Myspace hack: Why you should delete your old, unused account right now

As many as 360 million MySpace accounts turned up for sale Friday in a 33-gigabyte dump online

Brian Fung
Wednesday 01 June 2016 13:10 BST
MySpace's founder Tom
MySpace's founder Tom

Despite falling out of vogue years ago, MySpace -- that old precursor to Facebook -- still has details on more user accounts than the United States has people. And now a hefty chunk of those account credentials has been leaked to the entire Internet, in a humbling reminder that the Matchbox Twenty-inspired username you probably made in high school is still worth a heck of a lot to companies and criminals.

As many as 360 million MySpace accounts turned up for sale Friday in a 33-gigabyte dump online, according to reports that were confirmed Monday by MySpace's parent, Time Inc.

The massive leak includes passwords, email addresses and usernames that were swiped from MySpace in a hack dating to June 2013, before MySpace made a site redesign that closed some security gaps.

In a blog post Tuesday, MySpace said it has disabled the affected passwords so that nobody can use the leaked credentials to gain unauthorized access to accounts.

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It's unclear how many of the accounts in the MySpace hack were still "active," in the sense that they belong to people who continue to log into the service today. But chances are at least some of these accounts hadn't been touched for years. The reason this makes you vulnerable is the same reason experts say you shouldn't use the same username and password for every online service -- it makes it easy to take one set of stolen credentials and plug them into others, giving hackers potential access to large swaths of your digital life.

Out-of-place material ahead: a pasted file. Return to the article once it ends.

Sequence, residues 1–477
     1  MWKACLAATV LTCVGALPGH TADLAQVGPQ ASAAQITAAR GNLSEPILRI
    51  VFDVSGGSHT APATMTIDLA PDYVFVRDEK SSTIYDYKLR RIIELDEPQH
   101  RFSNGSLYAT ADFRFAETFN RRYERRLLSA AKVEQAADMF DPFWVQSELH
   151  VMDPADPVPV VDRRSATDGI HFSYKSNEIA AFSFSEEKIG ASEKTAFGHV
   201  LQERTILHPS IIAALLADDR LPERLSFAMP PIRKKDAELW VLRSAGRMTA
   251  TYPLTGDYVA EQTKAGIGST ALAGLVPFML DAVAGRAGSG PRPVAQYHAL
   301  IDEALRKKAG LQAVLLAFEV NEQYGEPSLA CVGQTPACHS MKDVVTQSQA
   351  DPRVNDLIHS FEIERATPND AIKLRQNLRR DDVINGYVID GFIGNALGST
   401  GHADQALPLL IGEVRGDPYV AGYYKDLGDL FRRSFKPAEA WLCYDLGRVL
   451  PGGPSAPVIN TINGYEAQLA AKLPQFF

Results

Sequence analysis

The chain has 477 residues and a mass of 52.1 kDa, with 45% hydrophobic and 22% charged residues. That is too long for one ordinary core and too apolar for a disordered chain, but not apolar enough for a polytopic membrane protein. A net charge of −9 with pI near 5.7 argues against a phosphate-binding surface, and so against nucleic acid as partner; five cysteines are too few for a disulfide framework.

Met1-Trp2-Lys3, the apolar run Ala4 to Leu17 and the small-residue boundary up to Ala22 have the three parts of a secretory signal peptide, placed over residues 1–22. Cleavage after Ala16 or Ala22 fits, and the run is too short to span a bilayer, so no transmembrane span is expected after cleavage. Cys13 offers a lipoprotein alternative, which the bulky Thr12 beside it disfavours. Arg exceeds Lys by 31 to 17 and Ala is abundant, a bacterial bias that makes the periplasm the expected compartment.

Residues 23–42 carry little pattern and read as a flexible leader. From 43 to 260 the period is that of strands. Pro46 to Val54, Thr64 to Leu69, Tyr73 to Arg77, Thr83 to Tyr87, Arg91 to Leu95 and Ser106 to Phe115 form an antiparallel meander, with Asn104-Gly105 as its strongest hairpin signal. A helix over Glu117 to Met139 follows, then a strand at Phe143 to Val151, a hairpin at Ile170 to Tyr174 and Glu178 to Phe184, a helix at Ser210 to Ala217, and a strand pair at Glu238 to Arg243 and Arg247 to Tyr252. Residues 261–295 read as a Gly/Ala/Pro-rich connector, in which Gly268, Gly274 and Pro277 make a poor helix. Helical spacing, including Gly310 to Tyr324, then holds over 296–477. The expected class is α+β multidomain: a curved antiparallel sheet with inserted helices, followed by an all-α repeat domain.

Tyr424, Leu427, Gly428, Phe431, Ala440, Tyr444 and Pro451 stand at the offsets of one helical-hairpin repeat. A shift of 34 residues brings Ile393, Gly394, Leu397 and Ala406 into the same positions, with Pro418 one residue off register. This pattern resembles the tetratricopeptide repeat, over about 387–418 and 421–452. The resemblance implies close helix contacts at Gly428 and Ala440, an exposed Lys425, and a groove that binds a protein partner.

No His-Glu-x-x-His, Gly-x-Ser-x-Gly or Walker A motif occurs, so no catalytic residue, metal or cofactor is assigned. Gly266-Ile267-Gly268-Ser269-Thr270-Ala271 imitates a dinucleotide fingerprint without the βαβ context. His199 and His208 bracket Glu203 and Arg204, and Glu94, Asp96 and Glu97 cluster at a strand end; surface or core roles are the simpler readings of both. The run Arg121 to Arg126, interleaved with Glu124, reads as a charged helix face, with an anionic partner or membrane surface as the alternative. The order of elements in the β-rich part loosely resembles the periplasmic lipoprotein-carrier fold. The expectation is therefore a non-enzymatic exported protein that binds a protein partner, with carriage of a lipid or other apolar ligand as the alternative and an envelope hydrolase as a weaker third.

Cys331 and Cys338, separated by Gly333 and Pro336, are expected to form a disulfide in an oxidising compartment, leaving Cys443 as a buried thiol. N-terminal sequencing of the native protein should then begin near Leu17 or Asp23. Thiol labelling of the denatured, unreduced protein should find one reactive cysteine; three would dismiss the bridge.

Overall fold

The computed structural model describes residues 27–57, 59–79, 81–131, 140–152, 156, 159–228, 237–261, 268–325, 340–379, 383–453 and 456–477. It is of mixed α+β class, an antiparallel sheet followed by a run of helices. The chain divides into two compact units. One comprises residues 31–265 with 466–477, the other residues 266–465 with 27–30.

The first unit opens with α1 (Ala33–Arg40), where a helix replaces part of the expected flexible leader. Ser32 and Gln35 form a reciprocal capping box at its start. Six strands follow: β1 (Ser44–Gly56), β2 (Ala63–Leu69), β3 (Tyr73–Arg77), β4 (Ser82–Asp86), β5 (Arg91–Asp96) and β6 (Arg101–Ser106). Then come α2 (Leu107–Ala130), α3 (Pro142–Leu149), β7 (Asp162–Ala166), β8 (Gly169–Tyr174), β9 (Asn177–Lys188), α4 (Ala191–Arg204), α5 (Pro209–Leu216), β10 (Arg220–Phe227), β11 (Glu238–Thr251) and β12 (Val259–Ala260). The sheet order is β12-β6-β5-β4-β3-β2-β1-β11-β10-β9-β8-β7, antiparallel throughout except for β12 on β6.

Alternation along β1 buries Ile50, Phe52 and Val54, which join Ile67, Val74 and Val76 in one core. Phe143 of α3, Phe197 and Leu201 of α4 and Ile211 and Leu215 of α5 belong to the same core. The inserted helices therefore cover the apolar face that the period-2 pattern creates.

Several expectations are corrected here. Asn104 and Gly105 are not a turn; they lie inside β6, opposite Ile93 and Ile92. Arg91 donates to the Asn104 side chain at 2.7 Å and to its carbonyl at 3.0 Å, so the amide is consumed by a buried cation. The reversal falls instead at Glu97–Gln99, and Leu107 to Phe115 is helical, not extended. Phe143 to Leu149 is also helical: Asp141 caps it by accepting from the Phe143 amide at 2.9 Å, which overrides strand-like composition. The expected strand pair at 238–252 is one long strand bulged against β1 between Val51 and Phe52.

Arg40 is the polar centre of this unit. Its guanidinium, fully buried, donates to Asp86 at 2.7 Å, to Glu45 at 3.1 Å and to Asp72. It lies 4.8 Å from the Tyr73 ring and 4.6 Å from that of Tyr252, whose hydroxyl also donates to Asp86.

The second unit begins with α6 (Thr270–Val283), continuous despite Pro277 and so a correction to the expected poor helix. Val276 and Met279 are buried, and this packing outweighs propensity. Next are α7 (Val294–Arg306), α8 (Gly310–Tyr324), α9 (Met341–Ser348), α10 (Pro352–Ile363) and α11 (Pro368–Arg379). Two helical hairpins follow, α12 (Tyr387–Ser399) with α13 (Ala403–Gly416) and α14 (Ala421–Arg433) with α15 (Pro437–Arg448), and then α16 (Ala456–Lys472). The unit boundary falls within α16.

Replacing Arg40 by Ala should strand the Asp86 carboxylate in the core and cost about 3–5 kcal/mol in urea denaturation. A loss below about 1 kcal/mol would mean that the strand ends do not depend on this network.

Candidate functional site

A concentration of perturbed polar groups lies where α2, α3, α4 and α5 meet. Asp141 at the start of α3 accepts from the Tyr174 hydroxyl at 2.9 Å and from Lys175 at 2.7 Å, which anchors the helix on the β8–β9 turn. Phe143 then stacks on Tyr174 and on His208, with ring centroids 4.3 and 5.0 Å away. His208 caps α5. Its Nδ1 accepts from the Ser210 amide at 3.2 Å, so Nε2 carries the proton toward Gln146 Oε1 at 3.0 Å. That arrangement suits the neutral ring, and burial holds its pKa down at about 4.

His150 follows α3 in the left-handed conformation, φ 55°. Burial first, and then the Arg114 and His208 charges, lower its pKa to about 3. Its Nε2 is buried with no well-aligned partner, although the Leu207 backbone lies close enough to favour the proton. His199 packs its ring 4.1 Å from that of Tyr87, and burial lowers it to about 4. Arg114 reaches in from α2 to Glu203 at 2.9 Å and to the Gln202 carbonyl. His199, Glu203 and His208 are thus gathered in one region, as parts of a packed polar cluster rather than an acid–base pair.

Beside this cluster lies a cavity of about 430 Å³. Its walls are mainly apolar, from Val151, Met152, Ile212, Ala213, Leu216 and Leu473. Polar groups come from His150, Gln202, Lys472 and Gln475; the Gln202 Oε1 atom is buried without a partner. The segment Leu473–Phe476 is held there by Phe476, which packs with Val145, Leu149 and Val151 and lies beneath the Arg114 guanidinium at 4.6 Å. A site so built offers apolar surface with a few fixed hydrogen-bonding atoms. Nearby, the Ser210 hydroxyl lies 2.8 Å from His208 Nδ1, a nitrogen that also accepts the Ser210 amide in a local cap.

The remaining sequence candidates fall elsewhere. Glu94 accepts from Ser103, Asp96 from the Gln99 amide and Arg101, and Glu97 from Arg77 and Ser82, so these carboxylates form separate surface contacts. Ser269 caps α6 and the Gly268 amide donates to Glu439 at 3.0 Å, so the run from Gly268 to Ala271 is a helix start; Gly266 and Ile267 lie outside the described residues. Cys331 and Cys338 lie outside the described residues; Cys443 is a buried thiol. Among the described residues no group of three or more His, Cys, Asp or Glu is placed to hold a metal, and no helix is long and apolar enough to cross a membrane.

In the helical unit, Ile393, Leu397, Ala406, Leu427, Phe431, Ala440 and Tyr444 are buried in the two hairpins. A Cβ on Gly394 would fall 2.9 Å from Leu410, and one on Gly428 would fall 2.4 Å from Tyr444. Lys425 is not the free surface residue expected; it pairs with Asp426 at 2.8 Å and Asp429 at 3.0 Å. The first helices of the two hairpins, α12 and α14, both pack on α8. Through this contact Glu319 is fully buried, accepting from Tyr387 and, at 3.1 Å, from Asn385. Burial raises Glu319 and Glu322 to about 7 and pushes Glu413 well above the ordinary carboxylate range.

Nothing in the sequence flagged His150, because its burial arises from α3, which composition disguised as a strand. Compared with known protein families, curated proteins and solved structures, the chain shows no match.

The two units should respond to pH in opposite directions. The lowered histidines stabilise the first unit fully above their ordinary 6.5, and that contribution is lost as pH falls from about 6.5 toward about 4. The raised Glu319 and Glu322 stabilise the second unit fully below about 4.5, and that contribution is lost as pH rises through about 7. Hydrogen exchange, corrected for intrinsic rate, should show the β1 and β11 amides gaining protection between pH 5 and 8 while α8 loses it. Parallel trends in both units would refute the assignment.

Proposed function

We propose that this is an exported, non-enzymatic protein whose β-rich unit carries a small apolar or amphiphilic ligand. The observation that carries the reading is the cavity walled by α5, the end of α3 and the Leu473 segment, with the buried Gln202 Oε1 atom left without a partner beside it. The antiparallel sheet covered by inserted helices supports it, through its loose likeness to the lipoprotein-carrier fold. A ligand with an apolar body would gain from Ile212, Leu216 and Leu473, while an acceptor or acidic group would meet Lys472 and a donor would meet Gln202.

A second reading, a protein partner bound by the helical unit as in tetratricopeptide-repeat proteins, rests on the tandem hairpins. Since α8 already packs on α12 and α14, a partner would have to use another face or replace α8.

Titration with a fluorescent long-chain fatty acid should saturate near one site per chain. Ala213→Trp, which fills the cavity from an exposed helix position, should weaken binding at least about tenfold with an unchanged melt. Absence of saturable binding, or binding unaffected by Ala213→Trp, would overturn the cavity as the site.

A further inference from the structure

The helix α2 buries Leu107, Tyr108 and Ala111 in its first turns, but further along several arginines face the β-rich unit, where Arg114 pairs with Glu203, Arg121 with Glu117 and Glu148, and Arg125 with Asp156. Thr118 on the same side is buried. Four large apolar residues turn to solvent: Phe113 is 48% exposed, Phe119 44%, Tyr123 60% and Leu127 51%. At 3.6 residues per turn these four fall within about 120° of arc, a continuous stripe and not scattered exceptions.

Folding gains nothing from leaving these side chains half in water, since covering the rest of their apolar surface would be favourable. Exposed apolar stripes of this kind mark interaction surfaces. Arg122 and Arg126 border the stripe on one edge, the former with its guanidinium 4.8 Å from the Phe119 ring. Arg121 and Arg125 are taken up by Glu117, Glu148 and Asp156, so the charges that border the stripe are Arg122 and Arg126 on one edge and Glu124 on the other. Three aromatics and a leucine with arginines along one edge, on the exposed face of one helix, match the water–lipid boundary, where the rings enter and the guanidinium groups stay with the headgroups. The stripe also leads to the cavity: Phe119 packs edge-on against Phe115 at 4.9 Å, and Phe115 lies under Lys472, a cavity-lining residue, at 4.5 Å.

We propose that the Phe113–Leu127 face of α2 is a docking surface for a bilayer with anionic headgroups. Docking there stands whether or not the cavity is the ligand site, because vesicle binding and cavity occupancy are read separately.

In that light, it seems there's a strong case for deleting your old, unused accounts -- or at least creating a throwaway email address to associate with the services you don't use so that they're insulated from the email addresses you use for more important things. Not only does it potentially cut down on the number of credentials you have to remember (although hopefully you're solving that by using a password manager, right?), but it helps limit your exposure to hackers. By changing the credentials on your old accounts and disassociating them from online services that you use in the present-day, you can help make sure none of your other Internet identities are put at risk.

Personal data from the MySpace breach was going for sale to the tune of thousands of dollars, highlighting how even outdated information can carry significant value. But whether your old data gets used for marketing, fraud or some other nefarious purpose is still at least partly within your control.

MySpace was once one of the most popular social networks on the planet, reaching about 100 million unique users each month in 2006. News Corp purchased the site for $580 million, outbidding Viacom in the process. In 2011, MySpace was sold at a huge loss of $35 million, as Facebook began to dominate the social network business.

In February of this year, Time purchased MySpace and its parent company, Viant Technology. But the deal announcement focused almost entirely on the value of Viant's advertising and tracking technology. MySpace was mentioned only in passing at the bottom of the news release.

Copyright: Washington Post

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